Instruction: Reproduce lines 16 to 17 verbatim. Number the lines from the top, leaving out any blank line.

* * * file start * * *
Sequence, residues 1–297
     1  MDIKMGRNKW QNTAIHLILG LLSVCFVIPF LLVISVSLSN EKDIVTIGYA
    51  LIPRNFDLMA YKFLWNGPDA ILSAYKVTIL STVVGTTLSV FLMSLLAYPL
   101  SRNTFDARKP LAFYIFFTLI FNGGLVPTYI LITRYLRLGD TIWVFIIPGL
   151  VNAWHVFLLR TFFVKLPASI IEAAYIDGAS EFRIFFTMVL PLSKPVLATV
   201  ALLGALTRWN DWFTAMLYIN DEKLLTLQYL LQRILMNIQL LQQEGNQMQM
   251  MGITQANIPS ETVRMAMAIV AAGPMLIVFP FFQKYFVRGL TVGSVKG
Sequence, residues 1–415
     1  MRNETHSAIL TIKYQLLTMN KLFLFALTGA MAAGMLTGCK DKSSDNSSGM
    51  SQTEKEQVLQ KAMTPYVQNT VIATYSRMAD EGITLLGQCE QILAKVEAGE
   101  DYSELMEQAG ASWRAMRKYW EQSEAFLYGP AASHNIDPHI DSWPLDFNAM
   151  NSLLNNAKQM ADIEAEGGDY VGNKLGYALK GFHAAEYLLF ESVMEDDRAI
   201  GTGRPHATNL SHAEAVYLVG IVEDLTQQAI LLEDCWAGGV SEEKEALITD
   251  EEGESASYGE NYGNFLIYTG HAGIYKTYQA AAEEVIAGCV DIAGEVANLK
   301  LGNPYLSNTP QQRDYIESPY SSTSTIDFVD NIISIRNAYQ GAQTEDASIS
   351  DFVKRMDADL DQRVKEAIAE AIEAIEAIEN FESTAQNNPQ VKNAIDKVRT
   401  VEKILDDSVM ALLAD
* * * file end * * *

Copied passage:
   351  DFVKRMDADL DQRVKEAIAE AIEAIEAIEN FESTAQNNPQ VKNAIDKVRT
   401  VEKILDDSVM ALLAD